For many people, the concept of recycling has become very familiar. Paper waste and plastic bottles now go into different bins, while the actual waste gets picked on the curb. Even with this and the fact that it has become a routine, the concept of recycling and its importance is perhaps glossed over.
Recycling involves more than putting plastic and paper waste inside a bin. Also, there are items with recycling symbols that aren’t recyclable. To ensure that your recyclables get recycled, you have to understand the meaning of recycling and its effect on the planet.
What is recycling?
It doesn’t matter if it’s paper, aluminum, or plastic. These materials and products can be reused after their original purpose has been fulfilled. In fact, a lot of materials have recycling value. There’s an estimation that almost 75% of all waste can be repurposed or recycled. This percentage just shows how impactful recycling can be when done right.
Virtually everything around you is recyclable, although different techniques are required to handle the different materials. Some common recyclable materials are plastics, metals, glass, paper, garments, clothing, electronics, batteries, and others.
Recycling involves collecting, separating, converting, or remanufacturing used products into usable or new materials. However, if you want to focus on the process and concept of recycling, it must be addressed on a societal and personal level.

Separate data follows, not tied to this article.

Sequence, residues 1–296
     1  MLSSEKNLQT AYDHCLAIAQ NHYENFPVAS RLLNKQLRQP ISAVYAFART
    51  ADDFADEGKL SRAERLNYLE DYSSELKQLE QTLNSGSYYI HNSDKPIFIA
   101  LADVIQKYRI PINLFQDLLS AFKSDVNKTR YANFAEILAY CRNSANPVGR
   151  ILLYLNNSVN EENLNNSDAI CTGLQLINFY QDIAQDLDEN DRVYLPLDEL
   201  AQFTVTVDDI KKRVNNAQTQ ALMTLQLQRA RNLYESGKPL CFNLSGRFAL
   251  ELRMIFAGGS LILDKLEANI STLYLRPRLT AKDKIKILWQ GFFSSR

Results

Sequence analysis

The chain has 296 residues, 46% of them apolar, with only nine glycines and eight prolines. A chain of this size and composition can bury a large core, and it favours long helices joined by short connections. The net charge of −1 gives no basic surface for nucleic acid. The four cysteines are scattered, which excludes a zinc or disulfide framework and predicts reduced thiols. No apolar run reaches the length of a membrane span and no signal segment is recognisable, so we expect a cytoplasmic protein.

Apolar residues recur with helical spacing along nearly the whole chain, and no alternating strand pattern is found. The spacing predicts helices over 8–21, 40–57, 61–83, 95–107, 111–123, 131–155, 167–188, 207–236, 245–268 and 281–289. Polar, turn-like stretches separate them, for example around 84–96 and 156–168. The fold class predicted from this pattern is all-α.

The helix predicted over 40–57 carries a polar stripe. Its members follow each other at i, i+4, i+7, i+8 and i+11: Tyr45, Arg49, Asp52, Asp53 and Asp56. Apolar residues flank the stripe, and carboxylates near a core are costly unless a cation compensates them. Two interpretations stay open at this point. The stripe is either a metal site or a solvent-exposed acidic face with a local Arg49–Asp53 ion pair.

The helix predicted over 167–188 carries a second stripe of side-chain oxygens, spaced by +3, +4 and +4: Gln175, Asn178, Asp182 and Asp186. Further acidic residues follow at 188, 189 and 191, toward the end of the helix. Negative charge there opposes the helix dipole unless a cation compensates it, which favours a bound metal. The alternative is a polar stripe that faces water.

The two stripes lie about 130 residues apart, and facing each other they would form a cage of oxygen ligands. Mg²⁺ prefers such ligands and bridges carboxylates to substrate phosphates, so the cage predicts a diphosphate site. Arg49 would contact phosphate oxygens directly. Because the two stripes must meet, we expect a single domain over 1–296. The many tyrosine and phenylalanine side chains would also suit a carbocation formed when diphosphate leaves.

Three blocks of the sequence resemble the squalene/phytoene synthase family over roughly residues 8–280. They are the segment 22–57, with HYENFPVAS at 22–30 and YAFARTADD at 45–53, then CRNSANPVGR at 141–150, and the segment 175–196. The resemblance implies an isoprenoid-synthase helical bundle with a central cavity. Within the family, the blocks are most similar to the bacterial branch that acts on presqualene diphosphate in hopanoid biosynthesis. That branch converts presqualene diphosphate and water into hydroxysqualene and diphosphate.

Recycling helps to extend the usefulness and life of a product that has served an initial purpose. This is done by making it a raw material and producing something useable. This leads to a host of benefits that affect humans, animals, and the environment.
Benefits of recycling
The following are some of the benefits of recycling:
- With the help of recycling, we can prevent tons of material from ending up in landfills – which will create more space for waste that cannot be repurposed. By recycling, people can prevent millions of tons of material from entering landfills, saving space for garbage that cannot be repurposed. Landfills pollute the environment with methane emissions, so if we can reduce them, the better for the environment.
- Recycling decreases the need to extract, refine and process raw materials. All these contribute to water and air pollution. If recycling is increased, the pollutants released into the water and air can be significantly reduced.
- Since recycling is an energy saver, it will reduce the emission of greenhouse gases – which will, in turn, help to curb climate change.
- Making use of recycled materials in manufacturing will significantly reduce energy use – as opposed to using raw materials to produce new products. Also, associated costs like transport will reduce since production isn’t from scratch. Energy use is also reduced as the production phase will not be that extensive.
- Recycling converts used materials into new products, thereby decreasing the need to make use of natural resources. If these materials aren’t recycled, raw materials will have to be extracted from the Earth to make these products that could’ve been made with recycled material. Recycling goes a long way in conserving the finite natural resources on Earth. It also protects a lot of natural habitats.